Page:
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This study day will explore the Baroque age in Britain (c.1660-1720) through a series of
three lectures.

Lecture 1: Royal Baroque
From its origins in the Catholic Counter-Reformation, the Baroque style was closely
associated with power and spectacle. At the Restoration court, Charles II drew on
continental precedent to fill his palaces with luxurious paintings and furnishings. This lecture
will explore the artists and craftsmen who helped the Stuart monarchs to re-establish a
magnificent monarchy, following the austerity and uncertainty of the Civil Wars and

Lecture 2: The Baroque country house
While the court set artistic fashion, many nobles were also keen to establish their own
status as patrons of the arts, and many of Britain’s best-loved country houses were created
in the ‘Baroque’ period. Visiting some of the most iconic houses of the age, including
Chatsworth, Petworth, Castle Howard, and Blenheim, we will meet the patrons who created
them, and look at some of the highlights of their sumptuous interiors, gardens and art

Lecture 3: Queens, consorts and courtiers: female art patrons in Baroque Britain
What was the role of women in British Baroque art? In an era when married women’s
property automatically belonged to their husbands, could women still be patrons? Female
patronage has often been hidden within the historical record, but new research has shown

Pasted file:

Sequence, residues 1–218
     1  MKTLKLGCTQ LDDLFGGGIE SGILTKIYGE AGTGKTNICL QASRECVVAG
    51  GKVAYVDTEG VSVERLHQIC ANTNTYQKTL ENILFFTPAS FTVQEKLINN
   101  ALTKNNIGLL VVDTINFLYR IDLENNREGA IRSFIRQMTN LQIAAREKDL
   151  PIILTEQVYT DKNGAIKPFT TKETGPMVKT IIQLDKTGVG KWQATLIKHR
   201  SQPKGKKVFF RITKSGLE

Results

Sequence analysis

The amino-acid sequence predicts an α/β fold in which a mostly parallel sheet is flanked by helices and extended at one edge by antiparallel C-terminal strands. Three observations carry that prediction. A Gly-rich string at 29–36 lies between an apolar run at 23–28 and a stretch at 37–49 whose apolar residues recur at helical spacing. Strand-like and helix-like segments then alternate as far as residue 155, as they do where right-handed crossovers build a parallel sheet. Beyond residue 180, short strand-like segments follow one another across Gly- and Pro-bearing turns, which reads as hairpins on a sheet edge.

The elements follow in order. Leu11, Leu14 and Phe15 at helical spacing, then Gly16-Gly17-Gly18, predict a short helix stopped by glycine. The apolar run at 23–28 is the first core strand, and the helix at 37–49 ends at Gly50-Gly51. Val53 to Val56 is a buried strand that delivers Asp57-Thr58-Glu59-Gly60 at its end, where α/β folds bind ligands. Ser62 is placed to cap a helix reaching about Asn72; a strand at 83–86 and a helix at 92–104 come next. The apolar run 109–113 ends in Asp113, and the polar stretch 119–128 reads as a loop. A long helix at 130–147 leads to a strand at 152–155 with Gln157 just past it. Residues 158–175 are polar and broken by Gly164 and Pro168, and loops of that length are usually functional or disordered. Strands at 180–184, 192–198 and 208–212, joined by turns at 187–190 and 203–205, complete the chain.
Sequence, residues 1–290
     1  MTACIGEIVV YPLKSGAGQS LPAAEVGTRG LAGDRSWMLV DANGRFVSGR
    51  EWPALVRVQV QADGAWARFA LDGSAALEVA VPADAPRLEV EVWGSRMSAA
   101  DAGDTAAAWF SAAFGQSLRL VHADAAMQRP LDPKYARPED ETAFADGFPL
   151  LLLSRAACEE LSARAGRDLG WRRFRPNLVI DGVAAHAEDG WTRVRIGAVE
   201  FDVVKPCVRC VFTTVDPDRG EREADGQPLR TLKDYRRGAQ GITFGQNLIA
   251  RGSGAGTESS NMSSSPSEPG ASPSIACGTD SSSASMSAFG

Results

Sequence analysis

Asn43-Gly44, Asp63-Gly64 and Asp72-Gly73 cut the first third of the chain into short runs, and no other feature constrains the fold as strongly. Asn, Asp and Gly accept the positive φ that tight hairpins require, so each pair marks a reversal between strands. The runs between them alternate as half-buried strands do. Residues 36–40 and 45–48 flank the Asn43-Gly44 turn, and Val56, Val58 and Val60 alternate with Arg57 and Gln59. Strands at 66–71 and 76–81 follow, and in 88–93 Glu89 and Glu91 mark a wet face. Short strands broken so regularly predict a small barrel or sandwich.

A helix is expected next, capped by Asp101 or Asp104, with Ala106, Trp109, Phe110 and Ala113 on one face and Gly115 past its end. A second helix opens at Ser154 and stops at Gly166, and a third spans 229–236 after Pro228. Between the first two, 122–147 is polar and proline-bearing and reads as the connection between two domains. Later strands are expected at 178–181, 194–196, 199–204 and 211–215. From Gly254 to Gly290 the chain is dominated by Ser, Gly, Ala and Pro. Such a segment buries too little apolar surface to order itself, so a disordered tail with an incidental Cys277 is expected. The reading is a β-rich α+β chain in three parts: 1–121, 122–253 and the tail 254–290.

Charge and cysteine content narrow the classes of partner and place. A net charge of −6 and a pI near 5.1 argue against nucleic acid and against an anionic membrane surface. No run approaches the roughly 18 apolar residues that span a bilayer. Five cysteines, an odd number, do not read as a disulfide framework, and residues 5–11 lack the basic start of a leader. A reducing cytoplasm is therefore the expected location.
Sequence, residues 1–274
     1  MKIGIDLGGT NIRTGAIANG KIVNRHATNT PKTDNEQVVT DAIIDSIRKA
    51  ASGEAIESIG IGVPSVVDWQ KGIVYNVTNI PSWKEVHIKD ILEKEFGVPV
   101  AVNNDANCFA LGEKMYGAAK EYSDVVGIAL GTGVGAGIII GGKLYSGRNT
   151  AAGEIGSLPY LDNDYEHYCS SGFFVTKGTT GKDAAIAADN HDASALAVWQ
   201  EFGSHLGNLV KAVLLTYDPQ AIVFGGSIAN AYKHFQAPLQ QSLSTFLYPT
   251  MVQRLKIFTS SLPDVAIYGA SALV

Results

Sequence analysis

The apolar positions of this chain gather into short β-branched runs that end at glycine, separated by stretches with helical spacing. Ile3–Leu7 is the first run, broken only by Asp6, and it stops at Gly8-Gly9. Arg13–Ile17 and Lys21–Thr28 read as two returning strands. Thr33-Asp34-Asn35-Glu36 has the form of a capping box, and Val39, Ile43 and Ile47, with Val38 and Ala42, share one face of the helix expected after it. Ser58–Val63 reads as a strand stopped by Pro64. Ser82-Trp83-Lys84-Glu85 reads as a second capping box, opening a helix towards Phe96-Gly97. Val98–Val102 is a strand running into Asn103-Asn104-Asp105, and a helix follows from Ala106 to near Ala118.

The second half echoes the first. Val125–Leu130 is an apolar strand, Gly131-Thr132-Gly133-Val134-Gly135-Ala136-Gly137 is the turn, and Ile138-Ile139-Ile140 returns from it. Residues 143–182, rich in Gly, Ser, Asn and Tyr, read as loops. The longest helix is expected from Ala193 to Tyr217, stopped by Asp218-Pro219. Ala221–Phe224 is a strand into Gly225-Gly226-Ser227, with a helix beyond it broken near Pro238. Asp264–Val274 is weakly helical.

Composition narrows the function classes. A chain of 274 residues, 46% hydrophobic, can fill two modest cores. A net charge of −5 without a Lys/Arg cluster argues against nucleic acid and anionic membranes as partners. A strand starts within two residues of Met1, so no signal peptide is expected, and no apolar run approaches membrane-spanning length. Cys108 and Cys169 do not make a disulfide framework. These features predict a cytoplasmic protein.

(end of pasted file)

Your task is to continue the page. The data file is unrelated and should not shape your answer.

that the patronage of these women has been considerably underestimated. From Queen
Catherine of Braganza’s patronage of Catholic artists, to the Duchess of Marlborough’s
politically-charged London mansion, we will look at some of the most important works of art
and architecture commissioned by women, and consider how they used art to carve out
their position in society.

Dr Amy Lim is an art historian and curator, specialising in British fine and decorative arts from the seventeenth to twentieth centuries. She is curator of the Faringdon Collection at Buscot Park, Oxfordshire, and of the Stanley Spencer Gallery, Cookham. She is also an exhibition researcher at Tate, contributing to British Baroque: Power and Illusion (2020) and the forthcoming Women Artists in Britain. Amy has degrees in History and Literature & Arts from the Universities of Oxford and Cambridge. She runs an online art dealership, and has published articles and essays on a variety of art-related topics from gothic garden monuments to female patronage.

Image and source: Castle Howard – By Pwojdacz (talk).Original uploader was Pwojdacz at en.wikipedia – Taken by Pwojdacz, Public Domain,


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Nov 22 2023